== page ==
Big Cats and Where We Actually Saw Them
Big cats are the ultimate wildlife thrill. In national parks and wilderness regions around the globe, hikers scan the hills and forests for fleeting glimpses of these elusive creatures. Successfully spotting wild cats requires equal parts effort and luck. As you can see from this post, we have put in the effort and we have had A LOT of luck.
In all, we have spotted 12 different types of wild cats, big and small. The pictures below represent 25 years of travel and trekking. They also represent a tremendous amount of good fortune and even better timing. While most of the big cat posts on the web have been cobbled together by people in a cubicle, this list is based on our experiences and our sightings. So if you are interested in fantastic beasts and where to find them, start reading.
Where we saw them: Maasai Mara, Kenya; Tarangire and Ngorogoro, Tanzania; Hwange, Zimbabwe; Etosha, Namibia; Kgalagadi, South Africa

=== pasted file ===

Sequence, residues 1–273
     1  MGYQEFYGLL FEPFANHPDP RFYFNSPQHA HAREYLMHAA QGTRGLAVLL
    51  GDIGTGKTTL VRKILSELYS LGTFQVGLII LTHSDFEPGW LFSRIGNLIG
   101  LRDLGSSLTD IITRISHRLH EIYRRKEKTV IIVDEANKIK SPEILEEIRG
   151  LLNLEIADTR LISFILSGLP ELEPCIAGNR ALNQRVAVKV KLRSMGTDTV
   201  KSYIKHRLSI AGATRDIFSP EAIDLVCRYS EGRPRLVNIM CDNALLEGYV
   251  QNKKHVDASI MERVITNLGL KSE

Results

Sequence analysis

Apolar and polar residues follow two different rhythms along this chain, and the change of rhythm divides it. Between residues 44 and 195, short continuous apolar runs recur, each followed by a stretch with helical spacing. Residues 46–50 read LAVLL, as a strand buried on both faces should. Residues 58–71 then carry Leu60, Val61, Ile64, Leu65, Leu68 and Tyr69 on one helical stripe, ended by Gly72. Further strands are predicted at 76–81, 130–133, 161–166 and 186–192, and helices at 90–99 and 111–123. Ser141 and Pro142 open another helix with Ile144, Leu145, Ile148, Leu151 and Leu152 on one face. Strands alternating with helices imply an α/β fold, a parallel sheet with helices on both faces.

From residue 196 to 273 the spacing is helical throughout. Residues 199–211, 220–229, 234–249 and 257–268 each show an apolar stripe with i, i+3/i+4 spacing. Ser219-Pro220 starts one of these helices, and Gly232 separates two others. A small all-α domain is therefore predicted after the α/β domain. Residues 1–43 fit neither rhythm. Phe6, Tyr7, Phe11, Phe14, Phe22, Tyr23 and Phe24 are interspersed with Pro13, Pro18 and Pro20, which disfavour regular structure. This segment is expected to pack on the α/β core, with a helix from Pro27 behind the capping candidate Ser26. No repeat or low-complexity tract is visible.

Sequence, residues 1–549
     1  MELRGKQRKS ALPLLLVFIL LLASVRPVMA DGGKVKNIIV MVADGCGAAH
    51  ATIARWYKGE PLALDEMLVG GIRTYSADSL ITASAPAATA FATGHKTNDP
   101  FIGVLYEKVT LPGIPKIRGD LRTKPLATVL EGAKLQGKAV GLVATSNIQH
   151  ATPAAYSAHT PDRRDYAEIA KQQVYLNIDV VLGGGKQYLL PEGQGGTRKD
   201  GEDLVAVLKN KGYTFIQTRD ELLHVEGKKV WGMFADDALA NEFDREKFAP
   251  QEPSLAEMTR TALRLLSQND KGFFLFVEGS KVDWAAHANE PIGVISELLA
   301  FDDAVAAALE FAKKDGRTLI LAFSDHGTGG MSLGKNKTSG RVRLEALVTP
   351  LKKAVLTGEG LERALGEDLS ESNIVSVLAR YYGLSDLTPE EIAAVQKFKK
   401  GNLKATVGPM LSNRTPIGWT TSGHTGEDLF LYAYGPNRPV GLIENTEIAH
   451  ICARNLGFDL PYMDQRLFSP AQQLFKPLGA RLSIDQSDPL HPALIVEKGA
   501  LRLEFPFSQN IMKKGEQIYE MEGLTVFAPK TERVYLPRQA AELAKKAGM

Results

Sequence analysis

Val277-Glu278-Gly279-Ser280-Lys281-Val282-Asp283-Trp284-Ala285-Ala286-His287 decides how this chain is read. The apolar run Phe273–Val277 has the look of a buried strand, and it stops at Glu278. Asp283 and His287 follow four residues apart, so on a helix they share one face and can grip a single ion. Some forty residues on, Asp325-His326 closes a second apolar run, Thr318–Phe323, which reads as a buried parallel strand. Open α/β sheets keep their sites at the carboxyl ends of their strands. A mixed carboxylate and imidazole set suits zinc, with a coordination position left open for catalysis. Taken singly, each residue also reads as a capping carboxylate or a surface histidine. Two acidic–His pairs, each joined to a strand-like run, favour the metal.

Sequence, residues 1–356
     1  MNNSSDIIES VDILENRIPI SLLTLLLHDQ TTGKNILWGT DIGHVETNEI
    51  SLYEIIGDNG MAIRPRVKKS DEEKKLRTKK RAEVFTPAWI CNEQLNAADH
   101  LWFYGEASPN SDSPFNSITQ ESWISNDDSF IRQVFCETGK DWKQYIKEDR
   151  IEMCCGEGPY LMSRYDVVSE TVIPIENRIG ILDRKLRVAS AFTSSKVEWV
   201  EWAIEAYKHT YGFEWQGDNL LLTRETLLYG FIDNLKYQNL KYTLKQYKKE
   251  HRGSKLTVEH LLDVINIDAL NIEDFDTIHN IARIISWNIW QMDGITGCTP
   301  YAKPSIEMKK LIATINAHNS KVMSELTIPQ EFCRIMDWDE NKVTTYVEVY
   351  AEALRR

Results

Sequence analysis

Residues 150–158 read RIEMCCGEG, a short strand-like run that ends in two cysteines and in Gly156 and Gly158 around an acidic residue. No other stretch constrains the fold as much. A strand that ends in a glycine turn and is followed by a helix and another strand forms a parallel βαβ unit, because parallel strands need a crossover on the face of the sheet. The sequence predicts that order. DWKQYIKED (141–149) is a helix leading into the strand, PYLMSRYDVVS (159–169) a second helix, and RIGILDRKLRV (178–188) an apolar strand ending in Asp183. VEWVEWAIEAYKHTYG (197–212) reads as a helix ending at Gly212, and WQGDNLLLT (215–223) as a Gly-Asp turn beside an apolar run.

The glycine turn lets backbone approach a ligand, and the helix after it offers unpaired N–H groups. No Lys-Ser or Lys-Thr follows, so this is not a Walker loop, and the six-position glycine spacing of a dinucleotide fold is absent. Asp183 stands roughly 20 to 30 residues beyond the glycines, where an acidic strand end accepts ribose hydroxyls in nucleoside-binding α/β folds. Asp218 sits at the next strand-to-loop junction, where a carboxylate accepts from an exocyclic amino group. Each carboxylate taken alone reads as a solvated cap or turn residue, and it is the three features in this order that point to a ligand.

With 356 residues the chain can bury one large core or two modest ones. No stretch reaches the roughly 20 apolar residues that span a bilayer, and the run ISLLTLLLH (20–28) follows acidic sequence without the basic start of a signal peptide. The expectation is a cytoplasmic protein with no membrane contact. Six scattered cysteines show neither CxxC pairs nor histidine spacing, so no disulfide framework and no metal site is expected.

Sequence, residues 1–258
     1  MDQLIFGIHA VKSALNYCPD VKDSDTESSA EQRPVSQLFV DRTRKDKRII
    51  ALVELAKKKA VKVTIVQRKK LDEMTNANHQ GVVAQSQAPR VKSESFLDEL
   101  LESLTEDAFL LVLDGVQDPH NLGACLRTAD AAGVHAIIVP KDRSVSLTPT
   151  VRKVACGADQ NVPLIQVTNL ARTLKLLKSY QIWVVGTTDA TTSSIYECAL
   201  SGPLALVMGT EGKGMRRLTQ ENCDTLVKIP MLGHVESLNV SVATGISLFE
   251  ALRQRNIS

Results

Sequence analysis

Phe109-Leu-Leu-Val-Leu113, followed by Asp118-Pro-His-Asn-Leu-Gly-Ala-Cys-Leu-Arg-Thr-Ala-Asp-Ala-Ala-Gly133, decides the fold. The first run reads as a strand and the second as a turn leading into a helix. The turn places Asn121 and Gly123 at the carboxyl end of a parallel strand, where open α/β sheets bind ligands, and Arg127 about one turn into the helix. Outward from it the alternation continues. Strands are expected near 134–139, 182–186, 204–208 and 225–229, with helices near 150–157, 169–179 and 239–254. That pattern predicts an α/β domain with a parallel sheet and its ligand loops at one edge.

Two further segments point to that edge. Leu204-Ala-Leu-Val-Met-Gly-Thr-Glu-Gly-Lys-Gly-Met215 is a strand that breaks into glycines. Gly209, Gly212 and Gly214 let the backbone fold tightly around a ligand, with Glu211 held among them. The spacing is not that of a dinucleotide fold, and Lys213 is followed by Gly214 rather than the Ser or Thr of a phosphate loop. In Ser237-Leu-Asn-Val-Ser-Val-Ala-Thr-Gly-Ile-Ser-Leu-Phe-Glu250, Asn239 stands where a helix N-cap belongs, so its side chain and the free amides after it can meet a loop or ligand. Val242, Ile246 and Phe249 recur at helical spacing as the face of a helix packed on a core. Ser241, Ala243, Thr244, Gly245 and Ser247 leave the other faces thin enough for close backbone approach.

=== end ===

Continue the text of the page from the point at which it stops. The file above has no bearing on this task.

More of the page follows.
Details: We’ve seen a large number of African lions in several parks in Eastern and Southern Africa, but no place came close to the numbers we saw in Maasai Mara. In fact, our first lion encounter was in Maasai Mara, 17 lions eating a wildebeest!!! However, since we first visited Kenya in 1994, the lion population has declined dramatically.
Sri Lankan Leopard
Where we saw them: Yala National Park, Sri Lanka
Details: We spent 18 months in Africa and never saw a leopard. We spent another 16 months in India and never saw a leopard. We spent four days in Yala, and we saw three leopards. That pretty much says it all! (Watch our Yala video.)
Southern African Cheetah
Where we saw it: Maasai Mara National Park, Kenya